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It’s widely accepted wisdom in Washington these days that the Republican brand is tarnished. But what’s striking is the regional variation. In the last fifteen years, although there has been some difference between G.O.P. approval and Democratic approval across the country, the variation has been pretty modest. That’s not the case right now. In the Northeast, Midwest, and West, the Republicans struggle to climb out of the cellar. But in the states of the old Confederacy, the G.O.P. is doing just fine. Here’s a graph by Steve Benen showing the differences based on a September Daily Kos poll.
Does this mean that the party of “no,” now widely associated with tea-baggers, birthers, deathers, and efforts to label Obama simultaneously “fascist” and “socialist,” has scored in the South, while damaging its reputation elsewhere? That’s what at least one statewide poll suggests. The Nashville Post reports on a new poll of Tennesseeans completed by Middle Tennessee State University. It’s a real eye-opener:
I’d bet that these folks don’t spend much time tracking the news, but if they do, no doubt they’re watching Fox. Reading these polls in conjunction suggests that the Republican brand is doing just fine in Dixie, and it’s lined up with some seriously delusional ideas.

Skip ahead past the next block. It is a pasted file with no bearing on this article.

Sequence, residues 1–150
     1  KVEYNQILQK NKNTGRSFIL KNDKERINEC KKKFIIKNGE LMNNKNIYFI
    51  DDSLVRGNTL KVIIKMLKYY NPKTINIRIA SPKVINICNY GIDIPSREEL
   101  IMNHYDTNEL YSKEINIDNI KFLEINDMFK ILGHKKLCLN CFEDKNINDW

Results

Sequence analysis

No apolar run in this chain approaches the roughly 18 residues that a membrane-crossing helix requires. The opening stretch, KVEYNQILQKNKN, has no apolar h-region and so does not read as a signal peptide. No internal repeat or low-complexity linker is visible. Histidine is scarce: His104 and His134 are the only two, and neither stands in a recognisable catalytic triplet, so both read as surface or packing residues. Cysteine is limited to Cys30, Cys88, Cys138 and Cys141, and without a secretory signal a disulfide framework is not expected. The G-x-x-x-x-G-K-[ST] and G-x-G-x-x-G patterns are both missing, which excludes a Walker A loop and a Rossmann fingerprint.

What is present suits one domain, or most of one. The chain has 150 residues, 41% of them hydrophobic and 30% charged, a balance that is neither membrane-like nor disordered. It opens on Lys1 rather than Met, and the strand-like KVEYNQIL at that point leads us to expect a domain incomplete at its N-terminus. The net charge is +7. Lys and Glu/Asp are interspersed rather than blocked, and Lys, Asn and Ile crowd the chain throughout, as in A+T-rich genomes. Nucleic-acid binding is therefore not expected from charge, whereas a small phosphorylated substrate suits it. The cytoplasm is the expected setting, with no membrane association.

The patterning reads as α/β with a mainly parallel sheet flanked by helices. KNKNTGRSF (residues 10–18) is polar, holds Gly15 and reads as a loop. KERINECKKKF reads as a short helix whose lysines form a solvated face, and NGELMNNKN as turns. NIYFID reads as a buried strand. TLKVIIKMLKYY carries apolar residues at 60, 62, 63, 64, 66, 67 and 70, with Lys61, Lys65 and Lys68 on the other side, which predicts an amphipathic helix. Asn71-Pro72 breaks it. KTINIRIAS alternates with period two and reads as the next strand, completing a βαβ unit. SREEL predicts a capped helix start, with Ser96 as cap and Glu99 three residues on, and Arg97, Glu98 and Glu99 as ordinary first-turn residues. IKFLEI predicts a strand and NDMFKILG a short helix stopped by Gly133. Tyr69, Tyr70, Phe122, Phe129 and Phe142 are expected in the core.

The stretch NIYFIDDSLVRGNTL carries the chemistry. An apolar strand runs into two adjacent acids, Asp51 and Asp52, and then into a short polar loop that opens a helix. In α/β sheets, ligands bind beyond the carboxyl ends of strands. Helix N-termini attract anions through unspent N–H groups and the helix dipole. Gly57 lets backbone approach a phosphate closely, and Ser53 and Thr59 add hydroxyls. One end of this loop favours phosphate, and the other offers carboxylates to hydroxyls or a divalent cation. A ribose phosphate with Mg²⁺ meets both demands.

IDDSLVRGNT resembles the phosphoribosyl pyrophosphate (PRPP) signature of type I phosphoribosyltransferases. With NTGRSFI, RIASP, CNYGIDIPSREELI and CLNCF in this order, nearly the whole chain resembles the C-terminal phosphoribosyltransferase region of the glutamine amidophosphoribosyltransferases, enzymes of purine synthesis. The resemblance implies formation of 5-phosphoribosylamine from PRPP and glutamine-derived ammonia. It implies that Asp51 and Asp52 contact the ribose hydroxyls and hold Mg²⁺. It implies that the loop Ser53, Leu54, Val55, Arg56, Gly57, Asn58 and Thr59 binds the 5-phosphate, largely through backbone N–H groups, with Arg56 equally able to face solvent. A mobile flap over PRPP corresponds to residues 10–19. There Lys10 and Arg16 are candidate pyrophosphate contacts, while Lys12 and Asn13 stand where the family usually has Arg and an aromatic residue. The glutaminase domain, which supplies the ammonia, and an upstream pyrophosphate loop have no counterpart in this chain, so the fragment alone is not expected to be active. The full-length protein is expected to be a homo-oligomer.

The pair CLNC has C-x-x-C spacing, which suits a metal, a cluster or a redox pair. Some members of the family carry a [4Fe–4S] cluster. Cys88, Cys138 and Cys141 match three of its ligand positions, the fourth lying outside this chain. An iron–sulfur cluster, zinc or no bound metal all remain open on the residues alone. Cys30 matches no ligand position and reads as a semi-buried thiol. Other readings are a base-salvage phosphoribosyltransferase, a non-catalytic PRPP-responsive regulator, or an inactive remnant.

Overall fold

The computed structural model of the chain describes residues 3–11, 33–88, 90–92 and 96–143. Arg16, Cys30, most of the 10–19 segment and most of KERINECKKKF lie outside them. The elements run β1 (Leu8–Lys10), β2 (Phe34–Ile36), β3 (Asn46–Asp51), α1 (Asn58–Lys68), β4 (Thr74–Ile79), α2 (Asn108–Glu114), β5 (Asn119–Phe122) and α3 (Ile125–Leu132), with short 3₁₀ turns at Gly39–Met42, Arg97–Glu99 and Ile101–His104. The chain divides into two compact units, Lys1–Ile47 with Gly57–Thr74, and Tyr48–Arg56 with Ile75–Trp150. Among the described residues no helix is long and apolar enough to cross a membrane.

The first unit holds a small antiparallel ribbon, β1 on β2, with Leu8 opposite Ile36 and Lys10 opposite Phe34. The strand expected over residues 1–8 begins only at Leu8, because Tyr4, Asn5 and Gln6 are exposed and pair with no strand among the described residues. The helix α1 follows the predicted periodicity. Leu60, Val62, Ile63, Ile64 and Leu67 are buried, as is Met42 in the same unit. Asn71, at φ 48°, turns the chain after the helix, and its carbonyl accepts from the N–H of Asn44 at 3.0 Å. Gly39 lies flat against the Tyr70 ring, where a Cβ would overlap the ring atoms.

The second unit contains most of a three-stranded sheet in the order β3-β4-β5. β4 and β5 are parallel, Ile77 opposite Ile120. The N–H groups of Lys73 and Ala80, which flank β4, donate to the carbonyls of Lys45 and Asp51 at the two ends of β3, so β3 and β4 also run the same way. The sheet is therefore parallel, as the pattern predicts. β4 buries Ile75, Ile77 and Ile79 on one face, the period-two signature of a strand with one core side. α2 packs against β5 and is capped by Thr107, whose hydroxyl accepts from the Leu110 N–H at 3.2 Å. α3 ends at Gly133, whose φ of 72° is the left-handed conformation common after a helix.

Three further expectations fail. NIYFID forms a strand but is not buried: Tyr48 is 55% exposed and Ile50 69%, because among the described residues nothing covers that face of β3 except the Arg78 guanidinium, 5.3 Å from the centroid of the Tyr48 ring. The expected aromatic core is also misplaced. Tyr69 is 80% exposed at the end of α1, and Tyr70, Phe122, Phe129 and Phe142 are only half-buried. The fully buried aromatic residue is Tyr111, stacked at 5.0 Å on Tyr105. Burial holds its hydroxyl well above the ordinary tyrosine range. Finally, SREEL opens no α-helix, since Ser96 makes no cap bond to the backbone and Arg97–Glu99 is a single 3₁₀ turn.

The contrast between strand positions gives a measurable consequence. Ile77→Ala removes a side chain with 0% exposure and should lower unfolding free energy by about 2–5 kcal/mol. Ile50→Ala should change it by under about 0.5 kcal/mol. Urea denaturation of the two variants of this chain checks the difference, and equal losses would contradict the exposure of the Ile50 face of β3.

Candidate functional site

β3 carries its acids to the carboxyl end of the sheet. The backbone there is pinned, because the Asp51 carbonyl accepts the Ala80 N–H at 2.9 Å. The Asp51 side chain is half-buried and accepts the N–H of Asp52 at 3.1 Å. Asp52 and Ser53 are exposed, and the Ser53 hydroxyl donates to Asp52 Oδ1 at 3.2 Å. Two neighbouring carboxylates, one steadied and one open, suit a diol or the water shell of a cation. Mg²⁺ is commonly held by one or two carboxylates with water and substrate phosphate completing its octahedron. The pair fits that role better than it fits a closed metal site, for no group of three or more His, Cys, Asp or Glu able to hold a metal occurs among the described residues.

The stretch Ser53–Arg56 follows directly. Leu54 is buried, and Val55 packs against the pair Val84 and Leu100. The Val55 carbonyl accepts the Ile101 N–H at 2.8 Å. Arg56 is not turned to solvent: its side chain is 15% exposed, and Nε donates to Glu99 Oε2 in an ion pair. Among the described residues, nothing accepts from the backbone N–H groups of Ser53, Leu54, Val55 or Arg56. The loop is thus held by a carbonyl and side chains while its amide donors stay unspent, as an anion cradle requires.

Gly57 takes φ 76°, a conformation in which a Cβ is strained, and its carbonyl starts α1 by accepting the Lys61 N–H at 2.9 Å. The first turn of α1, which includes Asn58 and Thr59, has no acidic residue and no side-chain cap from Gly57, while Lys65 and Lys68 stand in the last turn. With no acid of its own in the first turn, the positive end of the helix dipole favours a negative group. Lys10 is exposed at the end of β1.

More from Scott Horton:
Six Questions — October 18, 2014, 8:00 pm
Nathaniel Raymond on CIA interrogation techniques.
Mark Denbeaux on the NCIS cover-up of three “suicides” at Guantánamo Bay Detention Camp
From the June 2014 issue
Number of U.S. congressional districts in which trade with China has produced more jobs than it has cost:
Young bilingual children who learned one language first are likelier than monolingual children and bilingual children who learned languages simultaneously to say that a dog adopted by owls will hoot.
An Oklahoma legislative committee voted to defund Advanced Placement U.S. History courses, accusing the curriculum of portraying the United States as “a nation of oppressors and exploiters.”
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“He could be one of a million beach-bound, black-socked Florida retirees, not the man who, by some odd happenstance of life, possesses the brain of Albert Einstein — literally cut it out of the dead scientist's head.”